Do Unlimited Vacation Days Mean Happier Employees?

by Aman Singh Das | August 16, 2010

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Do you like the sound of unlimited vacation days?For Social Strata, a small social media company in Seattle, Wash., this isstandard company policy as of 2010. No strings attached. For the first timethis year, 1% of companies are reporting a shift to an unlimited paid vacationpolicy while achieving high rates of productivity, retention and employeecollaboration.

In an interview with NPR, cofounder RosemaryO'Neill, said, "When I said, 'Unlimited paid leave, no strings attached,'there was a moment of, 'Are you punking us? Is this a joke?' "And contraryto doubts, this change hasn’t led to mass vacationing at Social Strata. Infact, O'Neill reports that compared to last year, there was no real upswing inthe number of days off requested among her staff.

Netflix has been exemplified for years for itsunlimited time off policy, a strategic decision for the movie subscriptionservice, which recently got much heat for its competitive workplace policy that rewards high achievers andfires the adequate. Its PTO policy aligns with Netflix's unique workculture, where your commitment to high performance and over achiever statusdictates your stay and progress. As VP for Corporate Communications SteveSwasey puts it, "We have engineers who work pretty much around the clockbecause that's the way they work. And then they take two months to go visitfamily in India. We have people who never take a vacation for three years andthen take a 90-day trip someplace. But they've earned it."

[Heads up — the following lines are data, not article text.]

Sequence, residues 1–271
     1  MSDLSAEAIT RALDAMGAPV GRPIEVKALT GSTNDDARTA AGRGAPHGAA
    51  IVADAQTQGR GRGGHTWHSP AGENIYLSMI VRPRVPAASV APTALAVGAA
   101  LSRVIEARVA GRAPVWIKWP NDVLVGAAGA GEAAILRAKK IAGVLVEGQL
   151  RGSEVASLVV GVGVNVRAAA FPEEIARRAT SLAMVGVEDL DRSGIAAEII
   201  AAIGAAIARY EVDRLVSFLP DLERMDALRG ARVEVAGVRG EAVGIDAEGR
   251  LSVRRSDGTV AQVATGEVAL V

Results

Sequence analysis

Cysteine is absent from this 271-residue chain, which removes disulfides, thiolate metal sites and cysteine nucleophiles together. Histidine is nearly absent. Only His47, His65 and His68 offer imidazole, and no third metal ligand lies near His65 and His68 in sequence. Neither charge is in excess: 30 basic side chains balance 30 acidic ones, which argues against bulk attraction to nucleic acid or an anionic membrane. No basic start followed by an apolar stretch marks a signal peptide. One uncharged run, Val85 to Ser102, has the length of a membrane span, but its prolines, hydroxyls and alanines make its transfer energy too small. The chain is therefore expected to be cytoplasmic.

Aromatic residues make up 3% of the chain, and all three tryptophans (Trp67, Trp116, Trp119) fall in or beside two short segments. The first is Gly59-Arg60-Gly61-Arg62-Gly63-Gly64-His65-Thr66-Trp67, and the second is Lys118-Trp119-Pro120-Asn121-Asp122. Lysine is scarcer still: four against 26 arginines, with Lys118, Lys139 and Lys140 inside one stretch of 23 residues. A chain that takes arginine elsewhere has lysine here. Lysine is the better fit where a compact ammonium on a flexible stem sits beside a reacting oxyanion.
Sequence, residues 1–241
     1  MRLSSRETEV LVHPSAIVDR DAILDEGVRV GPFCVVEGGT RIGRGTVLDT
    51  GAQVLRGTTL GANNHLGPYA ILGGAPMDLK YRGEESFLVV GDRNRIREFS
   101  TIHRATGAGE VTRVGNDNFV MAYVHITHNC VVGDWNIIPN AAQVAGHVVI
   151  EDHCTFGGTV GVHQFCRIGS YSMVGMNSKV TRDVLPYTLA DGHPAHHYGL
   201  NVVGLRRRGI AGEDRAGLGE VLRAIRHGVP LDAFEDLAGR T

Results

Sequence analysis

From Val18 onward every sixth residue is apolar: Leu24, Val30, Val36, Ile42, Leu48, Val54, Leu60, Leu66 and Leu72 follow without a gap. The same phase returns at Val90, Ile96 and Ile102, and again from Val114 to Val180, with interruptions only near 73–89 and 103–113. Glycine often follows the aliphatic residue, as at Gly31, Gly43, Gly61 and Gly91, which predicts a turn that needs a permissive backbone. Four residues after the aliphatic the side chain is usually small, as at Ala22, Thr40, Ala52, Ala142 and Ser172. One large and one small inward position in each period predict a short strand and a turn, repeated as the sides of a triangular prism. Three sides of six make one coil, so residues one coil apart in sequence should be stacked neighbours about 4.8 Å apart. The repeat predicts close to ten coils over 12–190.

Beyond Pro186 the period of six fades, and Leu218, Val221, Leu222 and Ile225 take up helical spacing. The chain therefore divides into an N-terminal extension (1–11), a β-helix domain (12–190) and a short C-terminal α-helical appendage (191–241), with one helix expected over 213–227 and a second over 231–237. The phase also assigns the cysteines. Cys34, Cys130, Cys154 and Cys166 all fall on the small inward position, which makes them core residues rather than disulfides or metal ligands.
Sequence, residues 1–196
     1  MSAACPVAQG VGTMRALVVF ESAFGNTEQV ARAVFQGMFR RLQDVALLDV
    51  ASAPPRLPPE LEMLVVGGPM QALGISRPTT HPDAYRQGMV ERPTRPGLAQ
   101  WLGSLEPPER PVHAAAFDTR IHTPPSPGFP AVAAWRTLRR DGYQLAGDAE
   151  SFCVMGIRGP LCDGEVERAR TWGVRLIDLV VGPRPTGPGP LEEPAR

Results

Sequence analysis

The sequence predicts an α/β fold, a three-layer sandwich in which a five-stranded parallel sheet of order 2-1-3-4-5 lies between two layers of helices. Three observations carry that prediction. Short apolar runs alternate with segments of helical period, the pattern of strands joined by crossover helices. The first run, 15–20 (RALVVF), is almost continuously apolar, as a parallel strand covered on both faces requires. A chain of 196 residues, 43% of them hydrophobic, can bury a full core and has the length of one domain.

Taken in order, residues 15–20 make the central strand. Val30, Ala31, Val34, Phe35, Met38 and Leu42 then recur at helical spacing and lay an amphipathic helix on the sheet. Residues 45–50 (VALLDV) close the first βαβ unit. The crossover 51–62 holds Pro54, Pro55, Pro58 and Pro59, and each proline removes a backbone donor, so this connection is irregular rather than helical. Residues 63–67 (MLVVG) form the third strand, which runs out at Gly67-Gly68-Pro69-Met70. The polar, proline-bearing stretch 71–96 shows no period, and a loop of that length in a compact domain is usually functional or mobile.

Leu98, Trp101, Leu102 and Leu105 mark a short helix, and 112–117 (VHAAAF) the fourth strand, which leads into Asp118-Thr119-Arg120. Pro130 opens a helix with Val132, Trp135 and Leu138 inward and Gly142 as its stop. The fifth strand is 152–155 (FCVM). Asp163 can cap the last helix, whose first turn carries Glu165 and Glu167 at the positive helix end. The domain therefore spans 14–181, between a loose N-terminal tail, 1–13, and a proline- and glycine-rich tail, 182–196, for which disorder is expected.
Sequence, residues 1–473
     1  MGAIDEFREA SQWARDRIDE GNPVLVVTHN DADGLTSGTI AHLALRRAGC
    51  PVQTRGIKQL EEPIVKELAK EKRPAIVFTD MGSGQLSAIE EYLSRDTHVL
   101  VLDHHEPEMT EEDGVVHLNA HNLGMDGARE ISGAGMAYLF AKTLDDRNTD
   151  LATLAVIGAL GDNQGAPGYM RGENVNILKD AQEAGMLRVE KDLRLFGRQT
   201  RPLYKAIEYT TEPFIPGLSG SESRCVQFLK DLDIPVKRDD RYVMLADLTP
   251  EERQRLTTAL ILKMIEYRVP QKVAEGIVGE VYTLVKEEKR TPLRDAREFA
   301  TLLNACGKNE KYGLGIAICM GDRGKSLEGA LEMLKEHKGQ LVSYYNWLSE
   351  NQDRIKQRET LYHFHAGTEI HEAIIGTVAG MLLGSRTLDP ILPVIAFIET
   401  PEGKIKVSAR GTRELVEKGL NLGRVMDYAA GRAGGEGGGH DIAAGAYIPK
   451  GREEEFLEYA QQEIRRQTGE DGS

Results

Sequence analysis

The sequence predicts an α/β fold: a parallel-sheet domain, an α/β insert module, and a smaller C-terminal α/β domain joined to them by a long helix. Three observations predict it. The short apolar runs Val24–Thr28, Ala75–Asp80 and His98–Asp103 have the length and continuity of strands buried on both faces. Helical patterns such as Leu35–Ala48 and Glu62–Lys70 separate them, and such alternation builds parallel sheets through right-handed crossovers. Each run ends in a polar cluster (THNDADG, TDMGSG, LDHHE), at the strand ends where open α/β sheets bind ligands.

Paid timeoff policies at leading companies reflect a gradual shift toward risking unlimitedpaid vacation days in the hope of increasing productivity and employeeengagement.

WorldatWork, a human resources group, released areport earlier this year that certifies that this trend is on the rise. Thesurvey that polled 1,222 people—a majority being benefits specialists—highlightsthat while large organizations still prefer to go with the traditional paidtime off structure (separate categories for Personal, Sick and Vacation), medium-sizeand small businesses are shifting to either a lump sum (referred to as thebank-type system) structure or an unlimited vacation days policy (see graph tothe left).

Several studies have shown that flexible work schedules keep employees happier, moreproductive and highly engaged. But there remains a force of thought that doubtsthe unlimited nature of an unlimited vacation days' policy: I.e., is itsubterfuge for higher performance and due diligence?

Having worked for a company that followed atraditional, categorized paid time off structure ensured that I took time offat the cost of shorter vacations. However, at another previous employer thatfollowed the bank-type system, extended vacations were great but taking anunscheduled day off due to sickness, etc., always accompanied guilt and worry. Unlimiteddays, then, seem to perfectly bridge the two systems allowing for guilt-freesick days and restful vacations.

In the end, an informed professional's career pathdepends as much on our ability to take time off as on productivity andadeptness. And employers who value personnel must ensure a 360-degree valuationof their human capital, especially in a world where thanks to social media, 24/7 connectivity demands that professional andpersonal become easily malleable.

See the complete results: Survey of WorldatWork Members, May 2010

Hear from Rosemary and Ted O'Neill on Social Strata's unlimited paid vacation policy.

What's your take on it? As an employer, would you risk possible misuse of unlimited days off in favor of increased productivity? How does your company regulate vacation days? Leavea comment, email In Good Companyor connect with me on Twitter @VaultCSR.

Filed Under: CSR

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